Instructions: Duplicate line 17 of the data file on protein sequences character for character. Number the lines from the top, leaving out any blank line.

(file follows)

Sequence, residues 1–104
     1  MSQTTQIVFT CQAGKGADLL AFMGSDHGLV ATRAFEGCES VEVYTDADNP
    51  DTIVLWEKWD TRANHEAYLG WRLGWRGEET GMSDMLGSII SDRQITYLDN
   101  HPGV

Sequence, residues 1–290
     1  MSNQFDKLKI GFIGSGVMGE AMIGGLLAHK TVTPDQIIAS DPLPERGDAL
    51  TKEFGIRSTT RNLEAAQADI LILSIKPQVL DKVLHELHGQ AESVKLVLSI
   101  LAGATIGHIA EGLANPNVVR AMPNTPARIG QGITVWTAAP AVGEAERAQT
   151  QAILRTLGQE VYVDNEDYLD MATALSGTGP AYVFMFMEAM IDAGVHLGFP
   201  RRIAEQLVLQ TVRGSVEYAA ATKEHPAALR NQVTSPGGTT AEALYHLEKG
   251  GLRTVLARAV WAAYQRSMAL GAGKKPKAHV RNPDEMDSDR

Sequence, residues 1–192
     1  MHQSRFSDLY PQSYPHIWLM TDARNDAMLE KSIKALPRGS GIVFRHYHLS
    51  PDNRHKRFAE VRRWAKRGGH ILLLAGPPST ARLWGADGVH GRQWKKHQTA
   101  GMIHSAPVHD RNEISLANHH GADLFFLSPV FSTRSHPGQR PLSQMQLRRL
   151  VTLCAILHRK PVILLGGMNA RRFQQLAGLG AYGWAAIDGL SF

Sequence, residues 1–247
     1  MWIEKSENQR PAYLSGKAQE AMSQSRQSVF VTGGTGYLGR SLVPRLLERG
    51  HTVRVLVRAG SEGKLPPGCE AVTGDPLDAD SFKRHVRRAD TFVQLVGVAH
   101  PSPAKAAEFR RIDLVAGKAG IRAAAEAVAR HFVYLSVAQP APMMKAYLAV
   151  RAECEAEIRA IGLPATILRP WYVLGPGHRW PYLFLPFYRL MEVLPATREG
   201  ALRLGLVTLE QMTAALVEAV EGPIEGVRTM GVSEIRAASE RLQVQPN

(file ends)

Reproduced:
Sequence, residues 1–247